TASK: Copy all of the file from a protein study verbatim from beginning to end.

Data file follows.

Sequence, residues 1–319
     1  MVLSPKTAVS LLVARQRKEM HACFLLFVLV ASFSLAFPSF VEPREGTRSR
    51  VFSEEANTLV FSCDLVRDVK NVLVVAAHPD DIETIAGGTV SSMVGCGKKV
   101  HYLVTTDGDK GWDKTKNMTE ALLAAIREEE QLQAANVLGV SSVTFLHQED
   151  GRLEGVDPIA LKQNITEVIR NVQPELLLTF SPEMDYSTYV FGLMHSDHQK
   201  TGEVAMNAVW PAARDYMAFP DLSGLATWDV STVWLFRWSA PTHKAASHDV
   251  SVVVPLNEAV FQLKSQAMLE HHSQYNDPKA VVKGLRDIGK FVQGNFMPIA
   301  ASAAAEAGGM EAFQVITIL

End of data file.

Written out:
Sequence, residues 1–319
     1  MVLSPKTAVS LLVARQRKEM HACFLLFVLV ASFSLAFPSF VEPREGTRSR
    51  VFSEEANTLV FSCDLVRDVK NVLVVAAHPD DIETIAGGTV SSMVGCGKKV
   101  HYLVTTDGDK GWDKTKNMTE ALLAAIREEE QLQAANVLGV SSVTFLHQED
   151  GRLEGVDPIA LKQNITEVIR NVQPELLLTF SPEMDYSTYV FGLMHSDHQK
   201  TGEVAMNAVW PAARDYMAFP DLSGLATWDV STVWLFRWSA PTHKAASHDV
   251  SVVVPLNEAV FQLKSQAMLE HHSQYNDPKA VVKGLRDIGK FVQGNFMPIA
   301  ASAAAEAGGM EAFQVITIL